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Giving Thanks

The day before Thanksgiving Al and Pat Harmann embarked on a family tradition. They gave their three adult children and their spouses a gift.

Al and Pat HarmannThe day before Thanksgiving Al and Pat Harmann embarked on a family tradition. They gave their three adult children and their spouses a gift.

Each couple was told they could grant out $5,000 from The Harmann Family Fund of The Greater Cincinnati Foundation.

“We are passing on the baton,” Al said. “We suggested they not use this for their churches or other pet charities but to broaden their scope and find out more about what is going on in their communities.”

Jim and Carolyn Harmann reside in Cincinnati; John and Laila Harmann in Chicago; and Edwin and Pam Page in Columbus, Georgia.

While the Harmann children were delighted with the opportunity presented by their parents, none were surprised.

“We’ve been raised to give and we plan to raise our kids the same way,” Pam said. “You only need so much and lots of other people have needs.”

Jim echoed his sister’s sentiment. “We’ve always been in a role of giving our time,” he said. “What was different and unique about this was that while the money isn’t ours, we were able to find ways to give it away.”

Jim and Carolyn felt they needed more information before they made their grants. “Unless you have a personal connection, you may not know about all the charities out there,” Jim said. “You are inclined to only give to the big, well-known ones.”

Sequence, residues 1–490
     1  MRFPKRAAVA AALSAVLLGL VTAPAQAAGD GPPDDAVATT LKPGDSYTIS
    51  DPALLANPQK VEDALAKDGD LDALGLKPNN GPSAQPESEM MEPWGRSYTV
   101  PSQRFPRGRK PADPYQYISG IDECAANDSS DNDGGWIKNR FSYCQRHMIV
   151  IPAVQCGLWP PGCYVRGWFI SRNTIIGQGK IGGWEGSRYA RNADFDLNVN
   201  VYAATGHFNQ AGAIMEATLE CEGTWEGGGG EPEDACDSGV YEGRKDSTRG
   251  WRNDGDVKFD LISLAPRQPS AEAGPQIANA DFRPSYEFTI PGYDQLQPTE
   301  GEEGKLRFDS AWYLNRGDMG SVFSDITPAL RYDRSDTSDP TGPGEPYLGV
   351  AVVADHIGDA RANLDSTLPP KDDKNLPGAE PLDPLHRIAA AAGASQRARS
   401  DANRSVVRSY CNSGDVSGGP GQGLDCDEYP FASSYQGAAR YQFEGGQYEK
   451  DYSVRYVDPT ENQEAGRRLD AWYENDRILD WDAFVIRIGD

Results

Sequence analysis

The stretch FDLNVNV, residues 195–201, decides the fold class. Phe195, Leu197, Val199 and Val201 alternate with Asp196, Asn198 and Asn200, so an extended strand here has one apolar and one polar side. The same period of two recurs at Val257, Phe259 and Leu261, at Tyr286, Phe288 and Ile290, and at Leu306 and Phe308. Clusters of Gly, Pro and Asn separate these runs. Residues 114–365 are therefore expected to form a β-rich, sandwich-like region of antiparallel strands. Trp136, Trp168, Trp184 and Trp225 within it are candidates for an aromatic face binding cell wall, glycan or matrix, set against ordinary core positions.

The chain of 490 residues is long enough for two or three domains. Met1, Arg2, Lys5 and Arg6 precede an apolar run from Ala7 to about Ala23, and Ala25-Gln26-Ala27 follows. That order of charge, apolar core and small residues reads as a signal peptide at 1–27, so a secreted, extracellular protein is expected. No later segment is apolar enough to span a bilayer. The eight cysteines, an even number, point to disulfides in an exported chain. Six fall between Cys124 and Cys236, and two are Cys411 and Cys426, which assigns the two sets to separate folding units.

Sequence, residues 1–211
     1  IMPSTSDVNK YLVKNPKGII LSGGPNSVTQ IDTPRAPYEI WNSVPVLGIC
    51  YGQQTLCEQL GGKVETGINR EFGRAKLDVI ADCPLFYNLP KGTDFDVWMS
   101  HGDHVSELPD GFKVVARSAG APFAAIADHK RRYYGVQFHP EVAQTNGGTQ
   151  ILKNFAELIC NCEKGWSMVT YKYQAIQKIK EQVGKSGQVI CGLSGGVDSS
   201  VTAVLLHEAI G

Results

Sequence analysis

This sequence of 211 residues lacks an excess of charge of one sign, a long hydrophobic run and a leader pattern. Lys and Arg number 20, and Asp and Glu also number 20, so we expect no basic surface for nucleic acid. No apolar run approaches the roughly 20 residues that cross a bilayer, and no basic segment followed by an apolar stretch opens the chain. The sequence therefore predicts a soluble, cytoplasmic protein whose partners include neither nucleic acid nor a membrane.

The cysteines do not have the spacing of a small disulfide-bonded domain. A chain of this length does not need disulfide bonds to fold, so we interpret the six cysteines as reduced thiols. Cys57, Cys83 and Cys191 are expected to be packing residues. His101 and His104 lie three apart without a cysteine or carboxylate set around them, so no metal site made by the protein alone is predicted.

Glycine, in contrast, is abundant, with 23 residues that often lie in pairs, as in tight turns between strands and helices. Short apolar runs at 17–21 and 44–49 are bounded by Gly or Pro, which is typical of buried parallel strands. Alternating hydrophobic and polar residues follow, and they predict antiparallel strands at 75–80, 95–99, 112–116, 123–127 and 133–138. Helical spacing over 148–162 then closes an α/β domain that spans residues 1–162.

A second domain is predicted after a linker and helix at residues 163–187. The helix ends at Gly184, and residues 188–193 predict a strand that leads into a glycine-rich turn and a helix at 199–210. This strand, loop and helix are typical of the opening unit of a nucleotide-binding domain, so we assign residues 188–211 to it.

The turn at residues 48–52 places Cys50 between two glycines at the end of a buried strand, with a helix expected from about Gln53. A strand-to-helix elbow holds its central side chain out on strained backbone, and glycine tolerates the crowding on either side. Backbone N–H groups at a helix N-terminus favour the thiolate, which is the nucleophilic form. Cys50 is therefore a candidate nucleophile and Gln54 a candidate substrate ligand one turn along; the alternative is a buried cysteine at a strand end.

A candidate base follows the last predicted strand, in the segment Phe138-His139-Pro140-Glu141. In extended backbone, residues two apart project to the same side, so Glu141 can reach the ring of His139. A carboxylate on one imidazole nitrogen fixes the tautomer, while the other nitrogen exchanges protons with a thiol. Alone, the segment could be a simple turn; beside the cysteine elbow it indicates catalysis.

Enter GCF. Staff members Amy Cheney and Ellen Gilligan talked to the couple about their interests and directed them to several nonprofits that have been assessed by the Foundation. “GCF was the matchmaker between us and other organizations,” Jim said.

The couple’s first year of grantmaking included local gifts to Art Links, Elementz: The Hip Hop Youth Arts Center, Accountability and Credibility Together, Cincinnati Arts and Technology Center and Jobs Plus Employment Network.

Amy and Ellen helped the out-of-town children with their giving by connecting them with their local community foundations and making specific suggestions for organizations benefiting education and the arts.

Al and Pat were pleased with this first family meeting.

“Having all the flexibility was great. We had one meeting and boom, GCF made it happen,” Al said.

“I was surprised by how easy it was to make grants to organizations in cities outside Cincinnati,” Pat said.

When Al and Pat set up their donor advised fund in 2004, they had three objectives in mind. “First, we wanted to provide an additional vehicle for tax-efficient charitable giving for ourselves and our family, particularly our children, but eventually our grandchildren,” Al said.

“Second, we wanted to get our children more involved in charitable giving at an earlier age than we had been. Third, some of the money came from my mother and it was a way to carry on the family name.”

The Harmanns, their children and seven grandchildren are close, spending holidays and yearly vacations together.

“Look forward 30 or 40 years and our seven grandchildren may be in several cities, giving gifts from The Harmann Family Fund,” Al said.

And their parents can tell them this family tradition started around the holiday where one gives thanks.

From the 2014 Annual Report to the Community

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